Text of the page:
I would like to be a tree, if it weren’t for the fact that they can’t walk. Trees are majestic, can live longer than us, are more intelligent than we can even fathom and might even be able to feel happiness; but they can’t walk. Humanity would never have got as far without those appendages on our bodies we call feet. Bipedalism, so decisive for human evolution, has provided us with hands which have become an icon for our species, but our feet should not be overlooked. They support us, help us to move and, just as importantly if not more so, to walk.
Feet are what hold us up and keep us in direct contact with the ground, with reality. And walking makes the space we tread on momentarily ours. We know when we walk that it is not the same on tarmac as on a polished wooden floor, on grass, on sand or in water on the sea shore. And we are much more aware of these different sensations when we do it barefoot, when we allow the surface we tread on to be what directly touches our skin.
Sometimes we think that walking is just a way of getting to where we want to go, but it is a lot more than that. When we walk we feel everything which is around us as we move, something which we would not experience in the same way if we used other means of locomotion. Walking is knowledge; with it we relate to the world which surrounds us. And walking is also reflection. When we walk, thoughts come to us almost without our having to summon them. Nietzsche advised us not to trust any thought which had not been born when walking in the open air.
Walking is so important for us that, directly or indirectly, literally or metaphorically, it often pops up in daily speech: “leave a footprint”, “take your first steps”, “tread a fine line”... But it also has a language of its own. In non-verbal language a great significance is given to legs, feet and therefore to walking because while we are very aware of the gestures and movements we make with our faces and hands, which we can adjust when necessary, movements we make with our legs escape our control more easily. According to the experts, short steps are a sign of more introverted people, while big steps are taken by more outgoing people. A heavy step is considered to belong to somebody with a strong personality. It is easy to see that there are very different types of walks.
Some are more heavy, athletic and brusque, while others have a more light, delicate and elegant air. Some are more masculine, others more feminine; some more phlegmatic and calm while others are more lively and impulsive. These different ways of walking give us a window into the personality and state of mind of the walker. But we must also bear in mind that walking, just like sitting or swimming, is a body technique and it is therefore also moulded by culture. It is something which is unconsciously learned from early infancy and it does not therefore depend solely on personality. In Japan, for example, tradition dictates that women walk with short steps and with the ends of their feet pointing inwards, and in many rural areas of Africa, people walk with their bodies completely upright, relaxed and with quite long steps. Generally, in cities people walk more quickly than in rural areas. While in some South Asian and North African countries two men can walk along holding hands, in others this form of walking is considered wholly inappropriate behaviour. And when we talk of walking, we are not just referring to the intrinsic movements our bodies make, but also to how we manage the space around us when we do it.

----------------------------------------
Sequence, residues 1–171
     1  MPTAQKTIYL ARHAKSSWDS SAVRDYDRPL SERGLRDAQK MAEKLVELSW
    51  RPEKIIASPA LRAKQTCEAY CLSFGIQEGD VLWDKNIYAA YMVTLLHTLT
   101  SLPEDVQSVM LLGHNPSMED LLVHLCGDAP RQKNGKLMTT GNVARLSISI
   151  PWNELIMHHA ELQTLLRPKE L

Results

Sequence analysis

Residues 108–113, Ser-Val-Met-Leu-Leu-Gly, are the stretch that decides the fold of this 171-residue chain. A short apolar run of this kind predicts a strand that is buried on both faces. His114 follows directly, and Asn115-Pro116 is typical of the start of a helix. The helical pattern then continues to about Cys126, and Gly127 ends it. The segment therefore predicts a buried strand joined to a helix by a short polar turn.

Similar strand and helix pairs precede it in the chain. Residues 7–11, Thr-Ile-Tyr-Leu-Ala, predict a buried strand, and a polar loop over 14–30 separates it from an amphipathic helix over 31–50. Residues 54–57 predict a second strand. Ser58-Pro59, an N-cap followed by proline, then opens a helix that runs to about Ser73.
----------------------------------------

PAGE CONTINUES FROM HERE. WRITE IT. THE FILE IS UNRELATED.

When we walk around a city we calculate the space between pedestrians, changing our pace or our length of stride accordingly; we measure distances, we avoid coming between people who are walking together... We are skilled enough to not collide with the other bodies, to avoid brushing against anyone or even looking pedestrians we come across directly in the eyes.
But while walking can follow personality or cultural patterns, we also adopt forms of walking which are more consciously expressive and deliberate for particular situations. There are, for example, those walks we use to attract attention: The solemn walk of the person in authority showing off in certain ceremonies, the ostentatious walk of someone wanting people to look at them, the slow and sure walk of the police officer patrolling the streets, the humble walk of the person approaching people to beg, the sensual walk which combines a studied movement of the legs and hips, the completely professional walk of the model on a catwalk...
The expressive value of a walk also makes it an integral element of a good number of rituals in multiple cultures. One of the best known of these is the religious processions or pilgrimages to places of worship. But walking in a group is not only a way of showing devotion or homage; it can also be a way to protest or assert a claim, such as can be seen in the numerous demonstrations which take place everywhere.
Walking is a symbol of humanity; so much so that in the 18th century, when the Europeans became aware of the orangutans of Borneo and Sumatra, one bright spark labelled them human beings because, among other things, they walked in a similar way to us. The history of humanity has been largely made by walking. Indeed, that is how continents were colonised; on foot, through large-scale migration, after homo sapiens emerged from the African savannahs. Walking is decidedly human.
Text: Josep Martí
Photography: Adobe Stock / Francisco Fonteyne